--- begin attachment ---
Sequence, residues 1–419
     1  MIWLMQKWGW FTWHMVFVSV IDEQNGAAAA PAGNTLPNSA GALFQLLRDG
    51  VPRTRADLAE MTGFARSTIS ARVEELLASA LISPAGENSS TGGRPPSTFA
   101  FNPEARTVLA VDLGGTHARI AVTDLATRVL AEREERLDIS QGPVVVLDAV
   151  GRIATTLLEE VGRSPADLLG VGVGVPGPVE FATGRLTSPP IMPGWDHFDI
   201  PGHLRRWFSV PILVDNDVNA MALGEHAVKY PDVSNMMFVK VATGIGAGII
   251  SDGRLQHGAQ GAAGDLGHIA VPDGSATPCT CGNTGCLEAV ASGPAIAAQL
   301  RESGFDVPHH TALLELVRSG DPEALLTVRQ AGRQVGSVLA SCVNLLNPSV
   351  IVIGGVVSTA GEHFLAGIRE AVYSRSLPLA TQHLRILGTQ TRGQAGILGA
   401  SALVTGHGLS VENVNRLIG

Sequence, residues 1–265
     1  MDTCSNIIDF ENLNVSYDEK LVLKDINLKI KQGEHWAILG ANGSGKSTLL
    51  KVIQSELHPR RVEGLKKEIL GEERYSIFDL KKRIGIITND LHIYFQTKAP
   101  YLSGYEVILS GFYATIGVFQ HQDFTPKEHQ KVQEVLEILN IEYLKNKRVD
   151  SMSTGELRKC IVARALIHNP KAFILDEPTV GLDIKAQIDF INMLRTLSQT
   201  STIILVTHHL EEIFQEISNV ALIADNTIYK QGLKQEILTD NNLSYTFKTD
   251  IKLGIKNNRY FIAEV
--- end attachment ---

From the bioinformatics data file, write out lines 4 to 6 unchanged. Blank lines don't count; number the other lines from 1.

   101  FNPEARTVLA VDLGGTHARI AVTDLATRVL AEREERLDIS QGPVVVLDAV
   151  GRIATTLLEE VGRSPADLLG VGVGVPGPVE FATGRLTSPP IMPGWDHFDI
   201  PGHLRRWFSV PILVDNDVNA MALGEHAVKY PDVSNMMFVK VATGIGAGII